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Training Generals

A general rule of officers. The higher the rank the easier they were to work with. Lt's sucked. Generals were easy.

There is always the exception. Brigader General Marion Carl was the exception. Trouble was we didn't know it. I was the one to discover it.

Here's what happened.

We had some changes at the top of the roster. General Anderson became CG of the 2nd Air Wing. He replaced General Bowman. General Elwood moved up to Assistant Wing Commander. And General Marion Carl arrived to become Base Commander.

General Carl was the Marine's first Ace of WWII. He had 18.5 kills in WWII. He had two Navy Crosses. He had flown over 300 types of aircraft including heliocopters. He was just back from Vietnam where he had flown close-air-support for the Marines and had also flown heliocopter's into combat.

If I had known all this when this episode occured I might not have challenged the General.

He also considered himself an expert of everything. That's why he was the exception to the above rule.

Because there was only one, at the most 2, photographers at the ISO office certain reporters were checked out with the Mamiya C33 but none of them, including Bill Gregory, were allowed to photograph the Generals. Only SSgt Dave Deyerle and myself were to photograph any events involving the Generals.

This arrangement was really no problem since Generals, as a rule, were easy subjects. They let us photographers do our job. They took orders well. General Carl didn't.

Also Tweedledee and Tweedledumb were scared shitless of any General. They were always afraid I would screw up and get them in trouble. They had good cause when it came to General Carl and myself. We were both stubbron and neither one of us wanted to give way to the other.

I need to describe the General's office. The buildings at Cherry Point were built during WWII and they showed it. All the plumbing and electrial conduit was exposed. So there were pipes everywhere. The office was on the corner with windows on both exterior walls. The interior walls both had doors. To make matters worse there were photos on all four walls where there was room for them. My point is that it was very difficult to get a good photograph without pipes sticking out of heads. Or bodies being hallowed by sunlight pouring in through the windows. Or someone's head being framed by one of the pictures on the walls. To add to this difficulty you had very limited space to manuver and people don't all come in the same height. If you had a tall General, like General Carl, you had to make sure he didn't look like a gaint next to someone looking like a midget.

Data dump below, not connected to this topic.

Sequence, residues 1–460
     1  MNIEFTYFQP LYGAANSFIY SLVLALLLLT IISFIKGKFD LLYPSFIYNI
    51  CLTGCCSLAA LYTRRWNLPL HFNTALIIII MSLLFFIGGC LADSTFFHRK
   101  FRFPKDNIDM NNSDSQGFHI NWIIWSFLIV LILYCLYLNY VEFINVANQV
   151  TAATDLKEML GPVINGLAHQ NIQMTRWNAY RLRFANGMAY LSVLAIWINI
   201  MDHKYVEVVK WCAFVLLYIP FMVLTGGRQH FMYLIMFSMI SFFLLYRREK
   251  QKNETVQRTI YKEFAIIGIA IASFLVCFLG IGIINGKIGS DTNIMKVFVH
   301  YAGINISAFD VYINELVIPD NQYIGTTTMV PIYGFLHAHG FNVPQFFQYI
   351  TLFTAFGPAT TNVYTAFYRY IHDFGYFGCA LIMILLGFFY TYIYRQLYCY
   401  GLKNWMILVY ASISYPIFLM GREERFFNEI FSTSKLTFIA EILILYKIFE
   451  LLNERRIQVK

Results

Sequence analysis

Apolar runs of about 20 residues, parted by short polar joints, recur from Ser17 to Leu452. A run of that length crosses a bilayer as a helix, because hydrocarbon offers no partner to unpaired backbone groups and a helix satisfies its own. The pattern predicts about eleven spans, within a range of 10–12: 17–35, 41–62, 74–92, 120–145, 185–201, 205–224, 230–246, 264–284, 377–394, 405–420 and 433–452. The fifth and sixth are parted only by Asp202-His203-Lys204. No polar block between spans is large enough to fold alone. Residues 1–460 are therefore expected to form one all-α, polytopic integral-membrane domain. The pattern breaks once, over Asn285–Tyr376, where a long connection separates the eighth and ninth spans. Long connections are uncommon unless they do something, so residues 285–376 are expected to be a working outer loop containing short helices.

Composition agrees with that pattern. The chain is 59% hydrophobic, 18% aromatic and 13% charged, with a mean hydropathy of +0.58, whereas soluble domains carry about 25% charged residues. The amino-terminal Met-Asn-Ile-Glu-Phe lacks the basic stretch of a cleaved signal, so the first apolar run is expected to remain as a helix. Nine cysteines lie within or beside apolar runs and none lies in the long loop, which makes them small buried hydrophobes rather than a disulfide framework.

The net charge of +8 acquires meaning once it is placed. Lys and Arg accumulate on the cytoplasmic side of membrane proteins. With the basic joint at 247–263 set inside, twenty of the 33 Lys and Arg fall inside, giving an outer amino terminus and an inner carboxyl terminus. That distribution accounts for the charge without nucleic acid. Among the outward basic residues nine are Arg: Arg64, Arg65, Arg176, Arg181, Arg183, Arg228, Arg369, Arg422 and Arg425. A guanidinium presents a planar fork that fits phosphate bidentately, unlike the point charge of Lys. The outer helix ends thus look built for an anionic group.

I had over a year experience working with General's Elwood, Anderson, and Bowman and I knew all the tricks. General Carl didn't.

Here's what happened.

The first time General Carl requested a photogrpher I was chosen. I actually dressed up so to not embarrass the ISO office. I'm waiting outside the Generl's office to be brought in photograph whatever it was I had to photograph. It was always some kind of group picture with someone getting some kind of presentation from the General.

I get called into the General's office and here's what happened. The General was arranging everyone the way he wanted them. And then he told me where I should stand to take the photo and told me when to take the photo. End result - the photo looked like shit. Pipes coming out of heads. The General towering over everyone else. We made prints for the participants but couldn't use it for release.

It didn't end there. Of course Tweedledee and Tweedledumb were upset. I told them what happened but they were convinced the General was going to crush them. He didn't.

You would think the General would get the picture (pun intended.) He didn't. For the next four trips to General Carl's office he would setup the picture and tell me where to stand and everytime it was terrible.

Tweedledee and Tweedledumb were just about ready for the padded cell. The more failures we had with the General more they would plead with me to get it right the next time. For 5 trips to General Carl's office he didn't get it right.

Finally on the sixth trip to the General's office he looked directly at me with a silly little grin and said, "PFC Krill we're ready for the photo. How do you want us?"

I wanted to shout, "All right!" But I knew that wouldn't be appropriate.

Instead I directed everyone to their proper places and when they were all ready took the picture. It was just fine.

From then on the General wasn't a problem. It was just a matter of training. [Next]